the mind of new defensive coordinator Jason Petrino. While there is a definite eye towards improvement before UCO joins one of the arguably toughest conferences in Division II, the Mid-American Intercollegiate Athletic Association, it wouldn’t be difficult to improve off of last year’s 2-9 overall record. Defense was indeed a weak point for the Bronchos last season. The 2010 team’s offensive power was quenched by difficulty defending against the rush, with opponents averaging 196 yards per game. The Bronchos, who went 0-5 on the road last season and haven’t won since October, stack the cards even higher against them by drawing a brutal road schedule early in the season; they play only one game in the friendly confines of Wantland Stadium in a seven week period, including a four game road trip to open the season beginning Sept. 1 against three-time national champion University of North Alabama Lions. The Lions, led by legendary former Auburn coach Terry Bowden, held their opponents to an average of 14.7 points per game last season, gathering over 3000 passing yards. In all honesty, if the Bronchos can return for their Oct. 1 homecoming meeting with East Central an even 2-2, I’d go and spend $1000 on lottery tickets. Because ladies and gents,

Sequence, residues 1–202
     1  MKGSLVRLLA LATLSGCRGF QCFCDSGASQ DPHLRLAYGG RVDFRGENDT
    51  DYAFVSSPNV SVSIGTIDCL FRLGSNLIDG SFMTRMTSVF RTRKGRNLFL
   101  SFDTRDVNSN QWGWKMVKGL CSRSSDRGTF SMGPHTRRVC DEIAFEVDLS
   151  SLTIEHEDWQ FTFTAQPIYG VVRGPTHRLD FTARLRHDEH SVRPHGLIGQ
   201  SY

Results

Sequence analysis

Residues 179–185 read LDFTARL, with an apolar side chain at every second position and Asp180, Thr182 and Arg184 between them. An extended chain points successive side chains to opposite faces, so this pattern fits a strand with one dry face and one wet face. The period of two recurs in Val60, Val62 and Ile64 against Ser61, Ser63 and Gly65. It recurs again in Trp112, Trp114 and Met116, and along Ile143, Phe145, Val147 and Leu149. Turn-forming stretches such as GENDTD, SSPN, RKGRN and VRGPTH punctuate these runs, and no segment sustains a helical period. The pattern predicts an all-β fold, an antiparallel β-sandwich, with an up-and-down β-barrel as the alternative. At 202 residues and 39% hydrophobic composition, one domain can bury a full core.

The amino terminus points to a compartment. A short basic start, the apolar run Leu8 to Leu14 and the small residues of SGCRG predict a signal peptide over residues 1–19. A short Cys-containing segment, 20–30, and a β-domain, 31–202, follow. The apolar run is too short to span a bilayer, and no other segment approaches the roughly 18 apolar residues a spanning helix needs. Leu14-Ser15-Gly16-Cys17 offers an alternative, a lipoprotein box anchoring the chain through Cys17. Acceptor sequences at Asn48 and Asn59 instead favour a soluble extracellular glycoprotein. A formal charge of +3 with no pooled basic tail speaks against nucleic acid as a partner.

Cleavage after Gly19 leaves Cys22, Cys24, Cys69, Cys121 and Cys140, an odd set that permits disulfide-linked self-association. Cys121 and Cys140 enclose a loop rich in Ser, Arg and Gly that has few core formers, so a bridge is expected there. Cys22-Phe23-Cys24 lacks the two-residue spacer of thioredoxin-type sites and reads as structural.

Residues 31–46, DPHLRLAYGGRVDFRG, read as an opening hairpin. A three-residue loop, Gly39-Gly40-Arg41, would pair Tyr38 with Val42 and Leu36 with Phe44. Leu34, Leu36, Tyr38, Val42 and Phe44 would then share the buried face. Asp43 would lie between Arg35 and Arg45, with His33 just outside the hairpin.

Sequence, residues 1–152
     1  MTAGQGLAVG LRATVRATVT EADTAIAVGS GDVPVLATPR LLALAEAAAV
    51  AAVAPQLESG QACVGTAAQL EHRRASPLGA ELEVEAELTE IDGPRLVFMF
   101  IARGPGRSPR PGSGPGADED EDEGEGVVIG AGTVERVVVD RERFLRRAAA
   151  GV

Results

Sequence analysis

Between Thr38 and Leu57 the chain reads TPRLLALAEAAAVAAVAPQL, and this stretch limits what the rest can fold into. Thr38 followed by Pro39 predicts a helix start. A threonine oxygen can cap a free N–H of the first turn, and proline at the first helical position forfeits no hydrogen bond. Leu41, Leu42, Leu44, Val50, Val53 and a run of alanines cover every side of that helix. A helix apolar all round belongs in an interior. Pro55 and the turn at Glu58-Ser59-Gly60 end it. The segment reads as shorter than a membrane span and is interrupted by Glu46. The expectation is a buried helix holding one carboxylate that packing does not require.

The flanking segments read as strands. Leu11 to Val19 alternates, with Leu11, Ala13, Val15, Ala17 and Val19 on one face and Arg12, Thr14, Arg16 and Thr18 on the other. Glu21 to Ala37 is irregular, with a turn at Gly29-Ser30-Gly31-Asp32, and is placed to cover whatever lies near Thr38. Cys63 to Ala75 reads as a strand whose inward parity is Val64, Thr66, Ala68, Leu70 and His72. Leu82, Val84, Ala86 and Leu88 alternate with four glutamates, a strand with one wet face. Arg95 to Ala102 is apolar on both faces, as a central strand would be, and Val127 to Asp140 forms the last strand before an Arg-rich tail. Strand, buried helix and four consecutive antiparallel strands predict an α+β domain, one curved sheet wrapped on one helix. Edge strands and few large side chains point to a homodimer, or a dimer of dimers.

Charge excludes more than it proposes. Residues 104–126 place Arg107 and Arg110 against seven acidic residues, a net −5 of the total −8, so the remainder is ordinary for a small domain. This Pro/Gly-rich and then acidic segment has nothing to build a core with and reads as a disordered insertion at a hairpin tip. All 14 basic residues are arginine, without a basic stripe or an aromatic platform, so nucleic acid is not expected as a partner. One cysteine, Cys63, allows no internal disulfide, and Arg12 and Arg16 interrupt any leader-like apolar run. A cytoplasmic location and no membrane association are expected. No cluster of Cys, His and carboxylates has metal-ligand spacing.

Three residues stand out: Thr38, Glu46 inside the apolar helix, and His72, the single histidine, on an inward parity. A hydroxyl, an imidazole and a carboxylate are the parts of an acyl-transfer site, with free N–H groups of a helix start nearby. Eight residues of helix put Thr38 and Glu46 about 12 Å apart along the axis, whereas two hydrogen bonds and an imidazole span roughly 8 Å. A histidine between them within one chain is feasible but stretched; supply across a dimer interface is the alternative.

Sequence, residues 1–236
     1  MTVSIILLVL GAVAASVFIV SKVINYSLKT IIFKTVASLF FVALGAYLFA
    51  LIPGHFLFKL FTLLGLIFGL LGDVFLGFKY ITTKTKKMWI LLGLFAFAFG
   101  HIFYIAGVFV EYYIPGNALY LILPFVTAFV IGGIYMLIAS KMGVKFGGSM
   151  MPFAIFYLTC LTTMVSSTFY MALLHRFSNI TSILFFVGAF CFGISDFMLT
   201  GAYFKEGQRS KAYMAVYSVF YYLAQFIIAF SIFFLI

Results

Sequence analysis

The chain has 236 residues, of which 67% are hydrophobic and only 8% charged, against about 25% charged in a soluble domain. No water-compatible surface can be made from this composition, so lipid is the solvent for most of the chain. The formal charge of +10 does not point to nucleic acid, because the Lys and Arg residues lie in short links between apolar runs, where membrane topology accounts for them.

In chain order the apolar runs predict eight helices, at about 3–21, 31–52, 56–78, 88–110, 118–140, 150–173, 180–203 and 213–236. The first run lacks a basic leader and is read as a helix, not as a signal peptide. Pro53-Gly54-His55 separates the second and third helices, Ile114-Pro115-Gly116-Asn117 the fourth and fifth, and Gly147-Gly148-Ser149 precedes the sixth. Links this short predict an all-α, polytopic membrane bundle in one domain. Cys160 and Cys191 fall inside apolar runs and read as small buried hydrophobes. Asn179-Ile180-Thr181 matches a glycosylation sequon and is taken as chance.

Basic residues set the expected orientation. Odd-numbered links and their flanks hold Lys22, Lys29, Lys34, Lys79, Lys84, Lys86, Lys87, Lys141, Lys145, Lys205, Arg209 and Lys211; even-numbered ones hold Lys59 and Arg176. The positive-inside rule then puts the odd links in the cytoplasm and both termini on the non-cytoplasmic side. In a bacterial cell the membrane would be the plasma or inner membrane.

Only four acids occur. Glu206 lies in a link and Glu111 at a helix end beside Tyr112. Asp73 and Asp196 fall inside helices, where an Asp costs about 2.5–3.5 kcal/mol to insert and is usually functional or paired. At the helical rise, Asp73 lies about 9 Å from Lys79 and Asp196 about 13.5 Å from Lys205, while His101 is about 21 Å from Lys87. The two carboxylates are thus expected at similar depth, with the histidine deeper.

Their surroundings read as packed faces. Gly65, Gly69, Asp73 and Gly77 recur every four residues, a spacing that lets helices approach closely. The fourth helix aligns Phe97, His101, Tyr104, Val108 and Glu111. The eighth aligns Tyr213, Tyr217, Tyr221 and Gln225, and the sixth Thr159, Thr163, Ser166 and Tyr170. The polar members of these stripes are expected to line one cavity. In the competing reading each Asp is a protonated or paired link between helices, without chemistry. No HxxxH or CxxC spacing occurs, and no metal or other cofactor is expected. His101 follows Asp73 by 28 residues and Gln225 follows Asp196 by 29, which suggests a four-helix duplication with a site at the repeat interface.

the luck would be positively flowing. The only obviously winnable game the Bronchos have in September that I see is a Sept. 24 meeting against Southwestern Oklahoma State. The Bulldogs, who went 3-8 in 2010, only managed to post 185 points last season, although they did defeat the Bronchos 31-24. Games against Angelo State and Southeastern are winnable as well, considering the sheer amount of offense UCO can put out. Putting points on the board does not factor to be a problem again this year, especially since the Bronchos never posted fewer than 20 per game. What the success of this season will hinge on is not Sharp or Birmingham, but Petrino’s defensive scheme. Last year UCO found itself on the losing end of too many high-scoring shootouts, losing five games by a touchdown or less. Petrino has the tools to bring the Broncho defense up to the level their offense rests on; he inherits an experienced defensive core augmented with depth courtesy of a large freshman recruiting class. However, these resources will be wasted unless Petrino can show that his defense can adapt to what the opposing offense throws at them as it evolves during the course of each game. Out of the 407 points racked up against the
Bronchos last season, 112 were scored in the 4th quarter, the most in any quarter. If UCO can adapt their defensive coverage in crunch time to counter any last-ditch changeup the offense may throw at them, I may have those lottery tickets in my future after all.
Central Oklahoma 2010 Record: (2-9) (1-6)
North Alabama 2010 Record: (9-4) (5-3)